When I first met Scot O’Neil, he was a larger than life warrior. It was probably a little more than two decades ago. Bill Clinton was president, Allen Iverson and Pat Croce were leading the Sixers, ultimately, to the NBA Finals, and O’Neil was the CEO of something called HoopsTV.com, a media startup that was right at the burgeoning nexus of basketball and hip-hop. It was the brainchild of the brilliant Seth Berger, who had co-founded the iconic basketball apparel company And1.
O’Neil’s presence filled a room. He hugged, he high-fived, he back-slapped. He had the swagger of an athlete and the self-assuredness of a consummate salesman. HoopsTV.com was ahead of its time, and it didn’t make it. But O’Neil did, going on to land his dream job, as president of Madison Square Garden Sports.
When he became CEO of the Sixers in 2013, I visited him to share my vision of what would eventually become The Citizen. Quite by happenstance, I walked into a type of office pep rally, wherein the peripatetic O’Neil addressed his rabid sales force—there was a lot of shouting and high-fiving and a palpable sense of mission. Mind you, the Sixers absolutely sucked at the time. They’re a great team now, but even then—with a (purposefully?) crap product—O’Neil and his charges somehow sold the hell out of that team, both in terms of advertising and tickets.
“I don’t believe the good life is about finding balance between work and home,” O’Neil writes. “It’s about living the moments we have where and when we have them.”
Now 51, O’Neil has published a book that charts the road a particularly astute executive coach once laid out for him. “In a breakthrough meeting, she told me that, to find my inner peace, it was time to move from the warrior phase to the sage phase, another way of saying that it was time for me to become a leader whose victories are about helping others achieve their dreams and do great things,” he writes. “‘But I love the warrior phase,’ I would repeatedly say back to her. She wanted me to ‘fight, kill, win’ less and ‘embrace, love, teach’ more.”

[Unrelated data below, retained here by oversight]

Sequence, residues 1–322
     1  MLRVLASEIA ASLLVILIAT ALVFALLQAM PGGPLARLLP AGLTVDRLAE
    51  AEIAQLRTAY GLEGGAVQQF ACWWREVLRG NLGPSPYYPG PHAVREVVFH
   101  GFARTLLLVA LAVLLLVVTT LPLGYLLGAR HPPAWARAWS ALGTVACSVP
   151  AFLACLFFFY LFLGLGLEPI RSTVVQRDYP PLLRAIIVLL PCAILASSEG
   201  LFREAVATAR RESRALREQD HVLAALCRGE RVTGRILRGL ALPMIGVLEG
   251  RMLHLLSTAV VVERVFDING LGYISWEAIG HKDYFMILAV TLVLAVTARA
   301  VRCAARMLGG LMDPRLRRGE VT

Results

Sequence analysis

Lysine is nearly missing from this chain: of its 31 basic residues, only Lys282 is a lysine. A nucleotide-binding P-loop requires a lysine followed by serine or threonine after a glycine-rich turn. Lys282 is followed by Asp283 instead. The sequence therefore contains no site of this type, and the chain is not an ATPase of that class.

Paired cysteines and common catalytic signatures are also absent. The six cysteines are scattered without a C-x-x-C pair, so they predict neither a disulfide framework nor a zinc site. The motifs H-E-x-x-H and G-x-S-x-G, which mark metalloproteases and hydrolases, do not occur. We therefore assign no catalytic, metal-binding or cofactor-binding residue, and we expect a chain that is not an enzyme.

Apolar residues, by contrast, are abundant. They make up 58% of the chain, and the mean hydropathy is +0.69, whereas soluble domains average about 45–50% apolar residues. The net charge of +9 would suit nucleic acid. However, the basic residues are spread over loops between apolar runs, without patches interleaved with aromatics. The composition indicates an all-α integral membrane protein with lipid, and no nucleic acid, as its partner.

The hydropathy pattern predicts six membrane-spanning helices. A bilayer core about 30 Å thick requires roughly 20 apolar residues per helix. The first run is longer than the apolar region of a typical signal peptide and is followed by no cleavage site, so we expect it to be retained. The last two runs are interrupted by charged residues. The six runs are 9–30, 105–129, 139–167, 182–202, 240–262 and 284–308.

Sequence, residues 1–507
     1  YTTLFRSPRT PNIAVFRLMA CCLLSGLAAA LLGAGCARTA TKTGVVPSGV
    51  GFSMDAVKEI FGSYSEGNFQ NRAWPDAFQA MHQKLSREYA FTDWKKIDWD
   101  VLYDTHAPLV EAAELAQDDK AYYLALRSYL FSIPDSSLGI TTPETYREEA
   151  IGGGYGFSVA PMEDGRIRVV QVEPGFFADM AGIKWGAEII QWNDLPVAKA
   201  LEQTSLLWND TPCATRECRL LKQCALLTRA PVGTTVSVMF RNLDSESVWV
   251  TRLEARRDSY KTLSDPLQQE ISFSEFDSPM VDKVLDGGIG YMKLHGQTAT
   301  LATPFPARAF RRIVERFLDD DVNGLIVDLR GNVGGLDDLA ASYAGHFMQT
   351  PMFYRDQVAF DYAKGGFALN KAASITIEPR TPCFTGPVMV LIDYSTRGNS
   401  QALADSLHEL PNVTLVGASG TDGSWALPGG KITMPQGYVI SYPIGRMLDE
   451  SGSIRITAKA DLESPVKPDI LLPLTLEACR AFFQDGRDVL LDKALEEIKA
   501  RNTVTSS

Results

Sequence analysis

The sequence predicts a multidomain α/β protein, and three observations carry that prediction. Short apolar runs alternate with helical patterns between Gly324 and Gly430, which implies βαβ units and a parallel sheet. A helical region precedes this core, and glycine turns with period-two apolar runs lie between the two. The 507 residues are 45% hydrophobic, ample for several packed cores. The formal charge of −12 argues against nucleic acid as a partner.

Be Where Your Feet Are is a collection of lessons learned, courtesy of the gift of hardship. O’Neil started writing the book after the death of his father and the suicide of his best friend from his Harvard Business School days. It is a story of loss and grief and growth; a window into how setback and failure can make you the leader and man you always wanted to become.
I don’t believe the good life is about finding balance between work and home. It’s about living the moments we have where and when we have them. Balance does not breed greatness, and as my good friend Lara O’Connor Hodgson is fond of saying, it is not much fun to play on a see-saw that is perfectly balanced.
The question we need to be asking and answering is: How do you maintain the discipline to be where your feet are? When I’m at my best, I am wholly present. When I’m at work, I’m at work. When I’m with my kids, I’m with my kids. When I’m coaching the seventh-grade girls’ basketball team, I’m totally there, in the gym. On a date night with my wife, Lisa, I am 100 percent present.
Of course, no matter how much I want it to be true, I’m not always at my best. On occasion, Lisa has told me, in her own way, to put my phone down. “I’ll wait,” she’ll say, and then stare me down. Translation: “If you think that text you are reading is more important than our time together, please let me know, and when you are ready to have a meaningful conversation, I am ready.” Hearing her say that never feels great, but it is better than the message I am sending her with my phone in hand, eyes down, and furiously typing.
So, no, I am not perfect, but I aspire to continue to improve and work toward a more present me, because I am better at all aspects of life that matter when I am in that space. And so are you.
Whether you’re an overwhelmed parent or a stressed-out CEO, be prepared to look inward when you join us next Tuesday night at Fitler Club—our first in-person event in over a year!— to hear O’Neil’s heartfelt and holistic definition of what success is and ought to be.